Sources: Caterina Scoglio, 785-532-4646, email@example.com;
and Walter Schumm, 785-532-1494, firstname.lastname@example.org
Video available: http://www.youtube.com/watch?v=aBMWM4iAGOA
News release prepared by: Beth Bohn, 785-532-2535, email@example.com
Thursday, July 29, 2010
K-STATE STUDY FINDS VACCINATION STRATEGIES COULD HELP SLOW SPREAD OF INFECTIOUS DISEASE IN RURAL AREAS
MANHATTAN -- The best way to prevent the spread of disease in rural areas may be by targeting select popular hangouts, according to a new study by the Kansas State University EpiCenter research team.
The team published "Efficient Mitigation Strategies for Epidemics in Rural Regions" in the July edition of the journal PLoS ONE. The study looks at mitigation strategies based on a contact network model developed using information collected from residents in Clay County, Kan.
The team used surveys, both mailed and conducted in person, to get data on people who have a high rate of contact with other people and to find the most frequently visited locations in Clay County. The survey had a 65 percent response rate.
The study found that random vaccine distribution in selected popular locations in a rural community can reach the people who play active roles in spreading a disease like H1N1, said team member Caterina Scoglio, K-State associate professor of electrical and computer engineering.
"Our simulations show that the targeted vaccinations of only 10 percent of the sampled population reduced the size of the epidemic by 34.5 percent," Scoglio said. "Additionally, if 10 percent of the population visiting one of the most popular locations is randomly vaccinated, the epidemic size is reduced by 19 percent." According to Scoglio, the results suggest a new, highly effective implementation strategy for targeting vaccinations based on popular locations in rural communities.
One the biggest challenges in the computation of the simulated outbreak scenarios was to create a new mathematical expression for the level of contact among people from the collected data, said Phillip Schumm, K-State graduate student in electrical engineering and a team member.
"Formulas in the current literature were not adequate to correctly express the whole range of our collected information, so to fit our purpose we created a new expression for the level of contact," he said.
The survey identified four measures of risk factors important to the spread of epidemics in rural regions: health risk -- people with existing health conditions; contact risk -- the number of a people one person comes in contact with; prevention risk -- people who have not been vaccinated for a particular disease; and compliance risk -- people who continue social contacts even during an epidemic.
"All these risks tended to co-occur. If someone had a high risk in one category, they were likely to have a high risk in all the others," said team member Walter Schumm, professor of family studies and human services. "The people with the most contacts tended to have the least preparedness for an epidemic, and people who were willing to visit others even during an epidemic were among those most at-risk because of their health status. People who tended to visit friends and family members more often during normal times also were likely to retain this behavior even under epidemic conditions."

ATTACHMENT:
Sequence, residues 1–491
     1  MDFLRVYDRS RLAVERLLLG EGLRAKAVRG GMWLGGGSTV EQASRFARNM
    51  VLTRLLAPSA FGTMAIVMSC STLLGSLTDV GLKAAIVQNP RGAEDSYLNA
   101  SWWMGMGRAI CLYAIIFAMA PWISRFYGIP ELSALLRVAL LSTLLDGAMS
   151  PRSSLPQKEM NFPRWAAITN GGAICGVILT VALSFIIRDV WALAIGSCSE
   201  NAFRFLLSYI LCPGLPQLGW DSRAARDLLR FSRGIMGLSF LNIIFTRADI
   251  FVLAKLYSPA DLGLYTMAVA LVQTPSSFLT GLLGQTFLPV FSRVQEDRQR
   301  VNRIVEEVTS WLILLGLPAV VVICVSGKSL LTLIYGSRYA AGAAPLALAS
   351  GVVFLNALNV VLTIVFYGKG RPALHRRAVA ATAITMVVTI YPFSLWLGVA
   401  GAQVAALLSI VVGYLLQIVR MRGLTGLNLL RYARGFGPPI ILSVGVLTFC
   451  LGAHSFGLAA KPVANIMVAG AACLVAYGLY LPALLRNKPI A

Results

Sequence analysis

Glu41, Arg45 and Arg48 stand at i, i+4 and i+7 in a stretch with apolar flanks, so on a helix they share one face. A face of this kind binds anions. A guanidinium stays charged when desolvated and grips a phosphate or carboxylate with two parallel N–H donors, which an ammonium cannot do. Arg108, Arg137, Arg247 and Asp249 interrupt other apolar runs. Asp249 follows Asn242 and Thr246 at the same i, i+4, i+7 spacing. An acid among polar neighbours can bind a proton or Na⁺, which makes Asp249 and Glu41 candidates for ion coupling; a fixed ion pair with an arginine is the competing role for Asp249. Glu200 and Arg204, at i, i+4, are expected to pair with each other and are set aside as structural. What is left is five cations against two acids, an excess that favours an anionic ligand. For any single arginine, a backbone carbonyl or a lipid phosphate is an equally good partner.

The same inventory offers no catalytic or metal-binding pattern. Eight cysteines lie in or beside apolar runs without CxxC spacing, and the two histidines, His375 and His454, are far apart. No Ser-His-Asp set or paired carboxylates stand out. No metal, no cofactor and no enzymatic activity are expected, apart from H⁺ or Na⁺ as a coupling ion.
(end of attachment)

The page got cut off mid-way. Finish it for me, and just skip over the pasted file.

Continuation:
The survey found the most frequented locations were a grocery store, fast-food restaurant and discount store in Clay Center.
"This tells us that health campaigns on how to limit the spread of disease would be good in these places, as well as making them available to provide vaccinations," Scoglio said.
The research team also included Todd Easton, associate professor of industrial and manufacturing systems engineering, and Sohini Roy Chowdhury, Ali Sydney and Mina Youssef, all K-State graduate students in electrical engineering. The National Science Foundation funded the work through K-State's EpiCenter, also known as the Center for Complex Network Approach to Epidemic Modeling and Simulation.
Schumm said the survey approach is a cost-effective way for other communities to replicate and develop their own strategies for mitigating the spread of disease. "Having their own plans is important," he said. "Research has shown mitigation strategies used in urban areas are not as effective in rural areas because of differences in population and contact patterns."
New research initiatives at the EpiCenter include a study supported by K-State's Center for Engagement and Community Development, where the group is conducting a similar survey campaign in Chanute and Neosho County, Kan.
"The Chanute survey is taking a more zoonotic approach," Scoglio said. "We've teamed up with K-State's Center for Excellence in Emerging and Zoonotic Diseases and the National Agricultural Biosecurity Center. As a consequence, our new surveys ask questions about how much contact residents have with domestic animals, livestock and wildlife."
"The survey also delves more deeply into respondents' health, asking if they got a flu shot and if they take supplements like zinc and vitamin D to see if there are any correlations in flu prevention," Schumm said. "The surveys are also finding out what time of day people are most likely to visit the community's most popular locations and how many people they come in close contact with there."
Results are expected in about a year.
The group's paper is available at http://www.eece.ksu.edu/epicenter_wiki.